Formed by Liturgy and Sacrament (Part 1 – Liturgy) – Reflection for 30 JUN 2019
We are constantly formed, transformed, or deformed by the world around us. We can choose to be passively formed by our various encounters with people, institutions, entertainment, advertising, and other sensory media. We can also choose to actively seek to be formed in a certain manner by choosing who and what we encounter and how we react to those encounters.
We live today in a hyper-connected world. The images and advertisements we encounter in the entertainment, news, and social media seek to shape and form our desires and expectations. If we allow it, culture will define for us standards of beauty and truth, standards of pleasure and pain, even standards of right and wrong, good and evil.
We live in a world that distorts, loads, and encumbers the words we use. We seem to have fewer words but each word carries more and more meanings, nuances, and potential for misunderstanding. These words are then adopted and changed by different groups into a specialized lingo. The groups with which we associate form us in and through the language and meaning they teach us.
We live in a world of calendars and planners. We have morning routines, weekly meetings, family commitments, and pretty soon a schedule that is overcommitted and undernourishing. As we get busy, we often allow our relationship with God, our most meaningful relationships with family and closest friends, and our care for our own health and well-being to suffer. We are formed by our habits, our routines, and our practices.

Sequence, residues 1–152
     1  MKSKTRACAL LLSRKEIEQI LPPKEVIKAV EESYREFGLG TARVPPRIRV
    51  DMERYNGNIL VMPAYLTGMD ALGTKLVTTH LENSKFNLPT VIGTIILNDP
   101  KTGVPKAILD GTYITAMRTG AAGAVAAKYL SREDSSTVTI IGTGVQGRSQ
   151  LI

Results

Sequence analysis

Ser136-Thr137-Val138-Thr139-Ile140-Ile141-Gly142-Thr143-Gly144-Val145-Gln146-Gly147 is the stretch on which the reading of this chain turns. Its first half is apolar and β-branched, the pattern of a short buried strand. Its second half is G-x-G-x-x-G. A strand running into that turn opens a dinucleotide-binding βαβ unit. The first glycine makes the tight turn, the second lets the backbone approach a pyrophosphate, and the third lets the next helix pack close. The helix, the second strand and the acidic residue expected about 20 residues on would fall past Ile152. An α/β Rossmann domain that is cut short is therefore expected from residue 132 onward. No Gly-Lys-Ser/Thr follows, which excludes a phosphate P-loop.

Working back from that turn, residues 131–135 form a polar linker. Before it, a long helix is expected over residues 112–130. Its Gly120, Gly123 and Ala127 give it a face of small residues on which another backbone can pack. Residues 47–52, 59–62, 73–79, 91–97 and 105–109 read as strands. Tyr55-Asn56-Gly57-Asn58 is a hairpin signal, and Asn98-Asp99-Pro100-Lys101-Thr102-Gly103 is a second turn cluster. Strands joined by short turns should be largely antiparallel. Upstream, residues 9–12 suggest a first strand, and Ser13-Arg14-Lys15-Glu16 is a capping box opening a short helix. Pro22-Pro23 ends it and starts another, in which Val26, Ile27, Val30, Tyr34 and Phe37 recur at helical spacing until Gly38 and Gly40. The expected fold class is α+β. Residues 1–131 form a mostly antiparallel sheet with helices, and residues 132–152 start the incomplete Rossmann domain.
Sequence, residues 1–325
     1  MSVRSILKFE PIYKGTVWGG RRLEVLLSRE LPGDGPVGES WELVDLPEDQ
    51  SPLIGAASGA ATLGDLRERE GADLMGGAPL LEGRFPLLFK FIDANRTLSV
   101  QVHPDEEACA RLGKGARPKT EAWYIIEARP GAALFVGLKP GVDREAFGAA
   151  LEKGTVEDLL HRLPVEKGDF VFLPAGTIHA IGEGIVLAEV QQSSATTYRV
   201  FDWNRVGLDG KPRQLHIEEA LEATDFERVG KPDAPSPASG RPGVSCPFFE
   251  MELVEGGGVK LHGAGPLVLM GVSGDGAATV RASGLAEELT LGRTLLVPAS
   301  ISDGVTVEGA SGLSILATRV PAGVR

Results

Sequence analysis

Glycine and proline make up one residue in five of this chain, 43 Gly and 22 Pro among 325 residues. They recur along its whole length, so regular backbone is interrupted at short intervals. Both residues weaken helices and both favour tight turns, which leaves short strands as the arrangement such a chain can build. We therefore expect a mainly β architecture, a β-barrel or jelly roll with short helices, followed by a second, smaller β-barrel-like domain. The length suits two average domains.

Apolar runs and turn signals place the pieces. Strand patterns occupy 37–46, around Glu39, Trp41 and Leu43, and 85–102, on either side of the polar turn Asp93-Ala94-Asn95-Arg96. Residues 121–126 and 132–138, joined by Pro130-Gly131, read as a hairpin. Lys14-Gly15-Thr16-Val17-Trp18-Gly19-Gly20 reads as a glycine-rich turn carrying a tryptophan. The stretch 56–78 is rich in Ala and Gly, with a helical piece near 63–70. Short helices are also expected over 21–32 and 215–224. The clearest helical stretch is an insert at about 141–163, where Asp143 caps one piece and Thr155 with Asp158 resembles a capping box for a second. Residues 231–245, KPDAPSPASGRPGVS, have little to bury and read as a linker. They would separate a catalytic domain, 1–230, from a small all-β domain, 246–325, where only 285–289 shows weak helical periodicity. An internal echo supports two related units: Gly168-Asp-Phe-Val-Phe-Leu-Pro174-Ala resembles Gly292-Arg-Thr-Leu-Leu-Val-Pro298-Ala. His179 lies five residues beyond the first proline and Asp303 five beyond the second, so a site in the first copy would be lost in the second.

What if we were to choose to be formed by God instead of the world? What if we could choose to be formed into the image of Christ rather than the image of popular culture? What if there were another source to form our desires and expectations, our language, our habits and our thought patterns?
“The collects, the Prayers of the People, the Lord’s Prayer, the Psalms, and other forms of liturgical prayer teach us what to desire and what to expect from God, give us language with which to approach God, and, through constant use, dig the spiritual aqueducts through which the living waters of the Spirit are released in our lives and prayers.” – David deSilva in Sacramental Life: Spiritual Formation Through the Book of Common Prayer
One of the great beauties of liturgical worship both in our Sunday service and in the Daily Office is the way that our habits are formed in the words of Scripture and the tradition of the church. As we allow liturgy to form us slowly and gently over time, we find that our desires, our language, our relationship with God, and our openness and recognition of the presence of God are indeed transformed.